Book Reviews

Book Review: TrimTabs Investing by Charles Biderman

Rating: Mama desu.

Background: Got interested in reading this book because of its title TrimTabs Investing: Using Liquidity Theory to Bat the Stock Market with the concept of using supply/demand to help in investing.

Key Points:

  1. Building blocks of liquidity analysis
    • L1 – Change in net trading float of shares
    • L2 – U.S. equity mutual fund flows
    • L3 – Margin Debt
  2. L1 (Change in net trading float of shares)
    • L1 is the net change in trading float of shares (the supply side). If L1 is positive, the trading float of shares is increasing and institutions are a net seller of stock. If L1 is negative, the trading float of shares is shrinking and institutions are a net buyer of stock.
    • L1 = New Offerings + Insider Selling – New Stock Buybacks – 2/3 New Cash Takeovers – 1/3 Completed Cash Takeovers
    • Note: when a cash takeover is announced, 2/3 of the dollar amount is included in the L1 formula. The final 1/3 is included when the takeover is completed. This is because arbitrageurs typically buy 2/3 of the stock of the target company within a week of the deal’s announcement.
    • Data source: Dealogic,, Thomson Financial
  3. L2 (U.S. equity mutual fund flows)
    • L2 measures U.S. equity mutual fund flows (the demand side).
    • L2 = Amount of cash investors are investing in mutual funds that invest in U.S. stocks – Amount of cash investors are withdrawing from mutual funds that invest in U.S. stocks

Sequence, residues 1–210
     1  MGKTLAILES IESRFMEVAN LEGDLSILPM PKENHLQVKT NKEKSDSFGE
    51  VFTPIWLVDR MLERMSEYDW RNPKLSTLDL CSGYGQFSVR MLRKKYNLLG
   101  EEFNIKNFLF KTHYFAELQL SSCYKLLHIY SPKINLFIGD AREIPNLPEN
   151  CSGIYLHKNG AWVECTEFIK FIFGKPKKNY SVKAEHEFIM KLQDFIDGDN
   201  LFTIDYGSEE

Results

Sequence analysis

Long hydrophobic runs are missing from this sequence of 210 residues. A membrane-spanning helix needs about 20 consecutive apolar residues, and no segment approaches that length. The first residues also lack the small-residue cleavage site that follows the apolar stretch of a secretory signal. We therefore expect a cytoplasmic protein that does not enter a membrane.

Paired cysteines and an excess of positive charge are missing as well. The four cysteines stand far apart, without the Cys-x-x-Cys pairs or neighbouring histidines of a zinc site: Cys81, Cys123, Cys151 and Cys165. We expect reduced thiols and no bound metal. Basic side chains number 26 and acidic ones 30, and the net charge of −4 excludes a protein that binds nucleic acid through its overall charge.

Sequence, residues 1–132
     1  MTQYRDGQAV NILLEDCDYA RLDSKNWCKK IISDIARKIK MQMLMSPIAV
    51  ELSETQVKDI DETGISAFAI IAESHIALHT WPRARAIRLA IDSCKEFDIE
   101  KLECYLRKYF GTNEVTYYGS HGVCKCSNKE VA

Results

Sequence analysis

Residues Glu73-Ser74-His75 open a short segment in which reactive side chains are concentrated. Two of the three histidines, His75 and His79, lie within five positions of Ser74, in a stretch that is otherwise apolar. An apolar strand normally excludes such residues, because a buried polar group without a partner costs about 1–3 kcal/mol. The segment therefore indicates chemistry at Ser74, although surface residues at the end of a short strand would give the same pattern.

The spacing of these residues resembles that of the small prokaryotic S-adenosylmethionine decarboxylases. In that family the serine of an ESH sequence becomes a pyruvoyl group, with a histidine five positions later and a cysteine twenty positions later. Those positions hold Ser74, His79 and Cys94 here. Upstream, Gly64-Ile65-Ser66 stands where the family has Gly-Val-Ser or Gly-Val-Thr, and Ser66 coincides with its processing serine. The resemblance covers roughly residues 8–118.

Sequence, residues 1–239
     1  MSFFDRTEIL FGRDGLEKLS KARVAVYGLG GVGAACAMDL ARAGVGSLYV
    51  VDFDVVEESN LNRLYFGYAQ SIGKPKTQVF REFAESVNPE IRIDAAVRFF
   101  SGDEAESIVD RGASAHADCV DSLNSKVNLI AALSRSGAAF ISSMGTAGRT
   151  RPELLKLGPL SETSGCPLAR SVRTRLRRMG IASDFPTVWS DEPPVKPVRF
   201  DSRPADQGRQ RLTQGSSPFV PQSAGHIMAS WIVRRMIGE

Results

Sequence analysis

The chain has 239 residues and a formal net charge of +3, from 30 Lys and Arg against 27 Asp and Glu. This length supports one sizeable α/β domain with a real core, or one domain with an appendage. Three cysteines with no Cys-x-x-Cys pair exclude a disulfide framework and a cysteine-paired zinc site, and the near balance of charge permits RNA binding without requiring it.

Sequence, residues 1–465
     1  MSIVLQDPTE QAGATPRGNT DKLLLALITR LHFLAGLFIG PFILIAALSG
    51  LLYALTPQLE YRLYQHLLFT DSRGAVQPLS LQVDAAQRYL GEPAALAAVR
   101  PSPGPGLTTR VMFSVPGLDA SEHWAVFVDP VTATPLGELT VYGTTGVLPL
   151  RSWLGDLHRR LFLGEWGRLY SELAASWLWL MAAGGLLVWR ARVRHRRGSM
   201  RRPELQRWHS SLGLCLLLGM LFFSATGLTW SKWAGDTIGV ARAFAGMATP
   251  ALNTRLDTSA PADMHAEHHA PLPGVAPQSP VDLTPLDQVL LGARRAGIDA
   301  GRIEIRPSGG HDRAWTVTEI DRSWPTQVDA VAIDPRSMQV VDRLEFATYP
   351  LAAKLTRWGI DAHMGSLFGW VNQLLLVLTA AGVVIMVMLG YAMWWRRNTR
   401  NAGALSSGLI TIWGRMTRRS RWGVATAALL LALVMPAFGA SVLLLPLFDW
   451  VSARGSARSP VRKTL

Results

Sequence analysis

• L2 is typically a contrary indicator. Inflows into U.S. equity funds tend to peak around market tops, and outflows tend to peak around market bottoms.
    • Data source: Investment Company Institute (ICI) monthly release @, U.S. Department of Treasury release on foreign purchases and sales of U.S. securities @    
  4. L3 (Margin debt)
    • L3 is the change in the amount of margin debt used to purchase stocks, as reported by the member firms of the NYSE.
    • L3 rises rapidly when investors are very optimistic about the future prospects of the stock market (usually after prolonged period of strong returns). L3 falls significantly after a prolonged period of poor stock returns.
    • Data source: NYSE Member Firms Customers’ Margin Debt @
  5. Anatomy of Bull and Bear markets
    • At the beginning of bull market
      • L1 – strongly negative
      • L2 – negative
      • L3 – negative
    • On the way up
      • L1 – remain negative
      • L2 – increasingly positive
      • L3 – slightly positive
    • At the top
      • L1, L2, L3 – strongly  positive 
    • On the way down
      • L1, L2, L3 – increasingly negative
    • At the bottom
      • L1, L2, L3 – strongly negative
  6. Lower-risk strategies using liquidity theory
    • Strategies vary contributions and holdings according to expected liquidity conditions. Five stances are adopted based on estimates of daily L1.
      •  < -$800 mil = Strongly bullish
      • -$800 mil to -$400 mil = Bullish
      • -$400 mil to $400 mil = Neutral
      • $400 mil to $800 mil = Bearish
      • > $800 mil = Strongly bearish
    • Perform dollar-cost-averaging by splitting the monthly investment into a stock index fund (SIF) and a bond index fund (BIF). The split proportions will range from 100% in SIF when strongly bullish, to 100% in BIF when strongly bearish.
    • Higher risk strategies involve shorting the market when strongly bearish, e.g. investing 100% in Rydex Ursa Fund (RYURX) which is 100% short the S&P500.
  7. Aggressive strategies using liquidity theory
    • More aggressive strategies involve the use of leverage (i.e. margin), and investing in securities such as ETFs and futures, but with similar principles as the lower-risk portfolio strategies.



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